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September 29, 2003
Volume 81, Number 39
CENEAR 81 39 pp. 41-62
ISSN 0009-2347


GRADUATE EDUCATION
AND BEYOND

LINDA RABER

Today's graduate students in the chemical sciences face a unique set of opportunities in a field that is becoming more interdisciplinary and whose horizons seem endless. Some also face daunting challenges. In this special report on graduate education and beyond, C&EN explores some of the exciting, confounding, and sometimes controversial aspects of graduate education.

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PHOTODISC
Associate Editor Amanda Yarnell tackles the perennial question for many chemistry graduate students: Does it really matter where you go to grad school? She focuses on those students preparing for a career in academia and takes another look at the statistical arguments that have roiled the chemistry community and have been published in the pages of C&EN.

Graduate students from other countries are experiencing new hardships in the U.S. of post-Sept. 11, 2001. According to Editorial Assistant Victoria Gilman, new visa requirements meant to improve national security are creating delays that could harm global science education. She examines some case studies and describes approaches being used to help hasten visa approvals for these students.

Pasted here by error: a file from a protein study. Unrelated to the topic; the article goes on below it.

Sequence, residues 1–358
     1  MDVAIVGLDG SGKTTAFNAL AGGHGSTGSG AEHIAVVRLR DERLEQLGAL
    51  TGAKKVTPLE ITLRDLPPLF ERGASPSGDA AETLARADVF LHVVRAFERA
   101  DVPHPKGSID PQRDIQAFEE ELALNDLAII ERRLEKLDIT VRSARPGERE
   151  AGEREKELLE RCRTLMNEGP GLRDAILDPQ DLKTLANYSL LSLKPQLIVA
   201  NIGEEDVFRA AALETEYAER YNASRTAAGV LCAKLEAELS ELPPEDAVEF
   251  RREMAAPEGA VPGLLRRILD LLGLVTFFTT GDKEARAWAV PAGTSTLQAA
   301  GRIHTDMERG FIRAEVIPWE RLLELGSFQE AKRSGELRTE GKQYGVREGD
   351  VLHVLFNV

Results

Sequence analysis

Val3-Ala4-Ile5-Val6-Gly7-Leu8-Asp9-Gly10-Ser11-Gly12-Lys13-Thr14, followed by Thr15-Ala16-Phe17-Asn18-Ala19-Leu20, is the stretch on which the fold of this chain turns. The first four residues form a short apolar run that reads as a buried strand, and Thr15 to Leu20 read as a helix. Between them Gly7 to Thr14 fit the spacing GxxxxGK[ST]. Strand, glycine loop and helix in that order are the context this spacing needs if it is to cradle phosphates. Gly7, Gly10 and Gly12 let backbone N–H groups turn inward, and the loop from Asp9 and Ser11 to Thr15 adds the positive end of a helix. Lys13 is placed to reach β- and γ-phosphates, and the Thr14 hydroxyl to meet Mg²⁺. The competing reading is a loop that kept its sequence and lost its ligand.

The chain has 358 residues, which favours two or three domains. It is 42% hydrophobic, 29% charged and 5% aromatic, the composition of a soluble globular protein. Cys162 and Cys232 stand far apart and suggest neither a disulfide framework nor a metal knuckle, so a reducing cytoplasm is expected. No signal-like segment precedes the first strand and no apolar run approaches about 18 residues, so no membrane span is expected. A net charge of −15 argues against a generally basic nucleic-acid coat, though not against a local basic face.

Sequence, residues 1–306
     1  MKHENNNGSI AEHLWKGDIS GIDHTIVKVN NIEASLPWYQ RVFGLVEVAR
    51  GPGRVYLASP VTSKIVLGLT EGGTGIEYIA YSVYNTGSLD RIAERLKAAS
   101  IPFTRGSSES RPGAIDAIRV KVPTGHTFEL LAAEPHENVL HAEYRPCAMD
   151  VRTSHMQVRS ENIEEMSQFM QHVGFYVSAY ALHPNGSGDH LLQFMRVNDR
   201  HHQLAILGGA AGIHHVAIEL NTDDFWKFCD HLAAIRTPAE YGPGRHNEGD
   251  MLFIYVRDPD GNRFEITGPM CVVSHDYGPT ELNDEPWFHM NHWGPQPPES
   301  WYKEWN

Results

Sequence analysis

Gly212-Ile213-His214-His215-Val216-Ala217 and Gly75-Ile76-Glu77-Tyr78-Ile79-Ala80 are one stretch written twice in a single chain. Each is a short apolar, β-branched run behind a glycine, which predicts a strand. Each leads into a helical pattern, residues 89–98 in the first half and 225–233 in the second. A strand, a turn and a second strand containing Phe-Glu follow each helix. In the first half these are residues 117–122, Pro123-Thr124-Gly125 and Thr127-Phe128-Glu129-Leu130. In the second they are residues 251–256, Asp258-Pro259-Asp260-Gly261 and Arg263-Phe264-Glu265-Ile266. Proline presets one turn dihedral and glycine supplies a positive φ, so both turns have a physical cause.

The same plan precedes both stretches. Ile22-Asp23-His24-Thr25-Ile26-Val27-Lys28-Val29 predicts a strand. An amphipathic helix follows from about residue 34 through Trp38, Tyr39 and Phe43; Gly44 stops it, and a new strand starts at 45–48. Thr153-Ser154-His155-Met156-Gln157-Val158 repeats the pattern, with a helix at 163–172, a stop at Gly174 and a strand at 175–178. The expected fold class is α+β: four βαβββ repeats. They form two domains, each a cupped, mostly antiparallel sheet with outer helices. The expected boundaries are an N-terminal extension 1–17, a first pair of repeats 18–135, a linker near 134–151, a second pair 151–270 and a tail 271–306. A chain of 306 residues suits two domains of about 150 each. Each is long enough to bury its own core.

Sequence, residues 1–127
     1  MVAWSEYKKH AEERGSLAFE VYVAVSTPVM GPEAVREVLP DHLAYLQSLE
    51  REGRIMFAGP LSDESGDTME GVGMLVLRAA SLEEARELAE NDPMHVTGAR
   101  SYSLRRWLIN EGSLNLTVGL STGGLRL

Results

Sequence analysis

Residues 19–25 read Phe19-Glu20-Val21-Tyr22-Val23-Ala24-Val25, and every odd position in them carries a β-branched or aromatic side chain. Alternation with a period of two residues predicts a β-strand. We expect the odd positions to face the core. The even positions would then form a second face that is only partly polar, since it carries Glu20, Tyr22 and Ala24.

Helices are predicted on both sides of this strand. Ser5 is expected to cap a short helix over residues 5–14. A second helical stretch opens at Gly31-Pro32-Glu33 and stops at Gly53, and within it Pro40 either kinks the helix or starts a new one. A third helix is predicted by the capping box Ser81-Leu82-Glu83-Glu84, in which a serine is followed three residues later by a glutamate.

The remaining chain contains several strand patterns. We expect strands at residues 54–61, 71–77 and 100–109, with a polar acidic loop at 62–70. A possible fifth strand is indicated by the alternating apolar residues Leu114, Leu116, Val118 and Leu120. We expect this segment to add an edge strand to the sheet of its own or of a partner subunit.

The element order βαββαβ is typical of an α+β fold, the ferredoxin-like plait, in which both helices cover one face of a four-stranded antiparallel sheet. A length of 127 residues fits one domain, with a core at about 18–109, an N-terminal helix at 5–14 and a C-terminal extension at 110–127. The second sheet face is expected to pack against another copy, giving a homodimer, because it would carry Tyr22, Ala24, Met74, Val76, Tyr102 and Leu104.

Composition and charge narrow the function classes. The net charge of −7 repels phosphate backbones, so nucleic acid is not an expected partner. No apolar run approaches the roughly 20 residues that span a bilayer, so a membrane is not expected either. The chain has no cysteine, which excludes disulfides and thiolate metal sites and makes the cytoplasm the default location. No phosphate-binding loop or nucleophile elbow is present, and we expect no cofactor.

Most new Ph.D.s head for jobs in industry or government, but a lot are also looking for positions in academe. And although many are confident that their research skills are honed, most are unprepared to assume the important role of teacher. Assistant Editor Rachel Sheremeta Pepling takes a look at several inventive programs that focus on preparing graduate students in the chemical sciences for their jobs as chemistry's future faculty.

After graduate school, many newly minted Ph.D.s head for postdoctoral appointments, most of them in academic settings. Associate Editor Corinne Marasco tells readers about another kind of postdoc experience: a postdoc in industry. These nontraditional postdocs are hard to find but can be very rewarding for some scientists.

SPECIAL REPORT

GRADUATE SCHOOL
Does a top 10 pedigree help in landing a faculty job?
STUDENT VISAS
New rules make it harder for foreign graduate students to enter the U.S.
TEACHING
Innovative programs aim to prepare future faculty for teaching.
POSTDOCS
Interesting opportunities in industrial settings are rare.



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Chemical & Engineering News
Copyright © 2003 American Chemical Society



 
Special Report
INTRODUCTION

GRADUATE SCHOOL
Does a top 10 pedigree help in landing a faculty job?

STUDENT VISAS
New rules make it harder for foreign graduate students to enter the U.S.

TEACHING
Innovative programs aim to prepare future faculty for teaching.

POSTDOCS
Interesting opportunities in industrial settings are rare.

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